Brokamp: I think, actually, they're one of the best inventions to come out of Wall Street in recent history. For those who don't know, a target retirement fund is basically a mutual fund that owns other mutual funds, but it has a prudent allocation based on your target retirement date. Let's say you plan to retire in 2050. That's a far-off retirement date. It's going to allocate your assets mostly in stocks, U.S. stocks, international stocks, small-caps, large-caps, some cash and bonds, but it will do all that for you, it will rebalance for you. As you get closer and closer to that retirement date, it's going to get gradually more conservative. I think it's a great solution for the typical person who does not want to be a hands-on investor, may not know anything about asset allocation, they just want a one-stop-shop for their retirement savings. I think it's a great idea.
Now, for people who want to be a little bit more hands-on, they do have some drawbacks in that they tend to be a little bit more conservative than certainly the typical Motley Fool listener and reader. Even if you're 30 years from retirement, it's going to have some money in cash and bonds. I think those with a more aggressive risk tolerance know that over historical 20-year periods, stocks have made money. If you have a time period of 30 years, you're probably OK being 100% stocks.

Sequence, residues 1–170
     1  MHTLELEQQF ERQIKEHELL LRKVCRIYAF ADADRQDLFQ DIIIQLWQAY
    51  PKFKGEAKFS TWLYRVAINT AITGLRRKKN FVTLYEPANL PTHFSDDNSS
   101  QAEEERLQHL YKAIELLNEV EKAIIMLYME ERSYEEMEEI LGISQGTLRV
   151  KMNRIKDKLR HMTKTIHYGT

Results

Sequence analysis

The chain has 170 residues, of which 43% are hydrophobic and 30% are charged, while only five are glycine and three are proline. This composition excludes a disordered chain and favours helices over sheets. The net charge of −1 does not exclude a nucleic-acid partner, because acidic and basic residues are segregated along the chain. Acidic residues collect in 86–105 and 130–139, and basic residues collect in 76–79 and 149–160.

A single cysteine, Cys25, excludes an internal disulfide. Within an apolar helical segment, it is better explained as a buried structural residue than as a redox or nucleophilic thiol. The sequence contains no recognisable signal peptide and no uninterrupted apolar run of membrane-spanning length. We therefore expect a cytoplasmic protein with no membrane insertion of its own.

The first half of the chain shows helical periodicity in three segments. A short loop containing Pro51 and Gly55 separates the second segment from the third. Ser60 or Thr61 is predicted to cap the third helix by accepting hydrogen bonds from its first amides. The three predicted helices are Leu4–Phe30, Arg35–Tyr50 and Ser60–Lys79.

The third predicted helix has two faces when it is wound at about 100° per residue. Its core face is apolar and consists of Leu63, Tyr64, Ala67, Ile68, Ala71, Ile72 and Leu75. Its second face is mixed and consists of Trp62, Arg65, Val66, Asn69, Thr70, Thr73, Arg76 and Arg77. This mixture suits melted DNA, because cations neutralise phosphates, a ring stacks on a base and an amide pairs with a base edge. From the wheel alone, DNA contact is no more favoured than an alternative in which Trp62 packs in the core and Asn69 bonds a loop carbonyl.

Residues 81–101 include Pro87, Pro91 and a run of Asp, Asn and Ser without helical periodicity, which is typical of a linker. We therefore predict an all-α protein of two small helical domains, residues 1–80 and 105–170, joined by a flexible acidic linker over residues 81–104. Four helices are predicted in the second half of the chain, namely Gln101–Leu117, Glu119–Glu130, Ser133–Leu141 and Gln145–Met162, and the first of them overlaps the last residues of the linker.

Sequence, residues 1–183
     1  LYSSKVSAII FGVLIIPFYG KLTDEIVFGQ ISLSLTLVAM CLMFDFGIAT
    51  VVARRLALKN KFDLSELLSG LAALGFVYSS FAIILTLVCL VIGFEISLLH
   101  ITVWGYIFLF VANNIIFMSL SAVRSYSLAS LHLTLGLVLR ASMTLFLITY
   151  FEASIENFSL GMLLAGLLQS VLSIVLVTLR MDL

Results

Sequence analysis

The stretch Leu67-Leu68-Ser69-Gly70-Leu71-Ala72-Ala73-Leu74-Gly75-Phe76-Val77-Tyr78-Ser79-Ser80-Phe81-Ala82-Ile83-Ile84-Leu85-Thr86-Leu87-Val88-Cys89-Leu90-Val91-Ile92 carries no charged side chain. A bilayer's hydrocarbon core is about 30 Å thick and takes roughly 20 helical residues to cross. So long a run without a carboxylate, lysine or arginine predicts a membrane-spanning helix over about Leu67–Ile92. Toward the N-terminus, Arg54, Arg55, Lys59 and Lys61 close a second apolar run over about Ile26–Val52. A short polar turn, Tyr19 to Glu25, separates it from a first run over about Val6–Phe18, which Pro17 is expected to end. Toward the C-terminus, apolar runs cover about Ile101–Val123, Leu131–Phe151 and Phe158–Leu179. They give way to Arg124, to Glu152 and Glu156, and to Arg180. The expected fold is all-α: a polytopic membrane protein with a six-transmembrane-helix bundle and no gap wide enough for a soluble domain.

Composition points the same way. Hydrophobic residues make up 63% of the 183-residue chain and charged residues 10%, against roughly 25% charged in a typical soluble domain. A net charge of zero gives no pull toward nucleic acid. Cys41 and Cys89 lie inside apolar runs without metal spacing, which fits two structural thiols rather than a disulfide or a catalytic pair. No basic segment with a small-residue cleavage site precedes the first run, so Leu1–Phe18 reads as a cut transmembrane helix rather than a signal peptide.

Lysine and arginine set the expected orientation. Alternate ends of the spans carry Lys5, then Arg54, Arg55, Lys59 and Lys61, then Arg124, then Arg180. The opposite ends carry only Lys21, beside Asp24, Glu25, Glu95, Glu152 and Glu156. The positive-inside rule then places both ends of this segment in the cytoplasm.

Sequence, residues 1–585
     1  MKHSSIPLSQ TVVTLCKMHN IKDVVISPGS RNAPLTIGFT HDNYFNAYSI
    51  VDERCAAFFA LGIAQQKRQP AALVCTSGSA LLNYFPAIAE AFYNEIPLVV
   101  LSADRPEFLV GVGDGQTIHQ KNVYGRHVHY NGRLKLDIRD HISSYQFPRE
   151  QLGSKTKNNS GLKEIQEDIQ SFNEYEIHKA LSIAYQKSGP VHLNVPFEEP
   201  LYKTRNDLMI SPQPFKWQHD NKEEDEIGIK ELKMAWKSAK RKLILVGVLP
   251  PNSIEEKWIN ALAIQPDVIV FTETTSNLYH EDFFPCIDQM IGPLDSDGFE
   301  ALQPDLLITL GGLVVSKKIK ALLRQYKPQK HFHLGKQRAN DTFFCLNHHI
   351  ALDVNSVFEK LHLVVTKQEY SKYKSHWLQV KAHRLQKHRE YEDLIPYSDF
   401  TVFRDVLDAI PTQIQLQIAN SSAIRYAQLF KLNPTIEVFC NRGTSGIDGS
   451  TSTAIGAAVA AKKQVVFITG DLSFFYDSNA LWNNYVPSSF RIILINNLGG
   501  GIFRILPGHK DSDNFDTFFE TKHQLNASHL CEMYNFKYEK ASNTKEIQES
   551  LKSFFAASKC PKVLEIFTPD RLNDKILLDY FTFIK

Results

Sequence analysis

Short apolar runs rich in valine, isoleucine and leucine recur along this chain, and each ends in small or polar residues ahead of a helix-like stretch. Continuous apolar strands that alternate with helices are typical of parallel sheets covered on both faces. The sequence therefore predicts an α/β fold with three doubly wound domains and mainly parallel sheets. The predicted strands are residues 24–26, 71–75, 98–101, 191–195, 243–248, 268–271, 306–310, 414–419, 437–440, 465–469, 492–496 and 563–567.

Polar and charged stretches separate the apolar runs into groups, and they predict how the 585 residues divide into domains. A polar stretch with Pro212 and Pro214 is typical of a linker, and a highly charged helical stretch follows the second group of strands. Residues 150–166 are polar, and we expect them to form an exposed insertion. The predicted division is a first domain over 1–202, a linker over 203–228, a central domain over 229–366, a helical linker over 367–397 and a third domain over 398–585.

Hill: I wanted to have you on the show this week, in part because I always enjoy talking to you --
Brokamp: Well, thank you!
Hill: -- and I always end up being smarter as a result of talking to you. But also, this is the 10th anniversary of the start of Motley Fool Money, and you were on the first episode.
Brokamp: [laughs] I was! I'd totally forgotten about that!
Hill: I went back and listened to the very first episode. February 22nd, 2009. You were here in the studio. It was a very different picture. The Dow was at a six-year low. It was certainly a different environment.
Brokamp: It was a scary, scary time! At that point, we were still three or four weeks away from the market hitting bottom. Of course, when the market hits the bottom, you don't know it until many months later. Just for context, on the day we taped that episode, the S&P 500 was at $770. Now, as of this discussion, it's almost $2,800. Over the last 10 years, you factor in dividends and dividend reinvestment, the S&P 500 has returned 16% a year. If you would have told us on that day [laughs] whether we could expect 16% a year from the S&P 500, I'm not sure we would have believed that.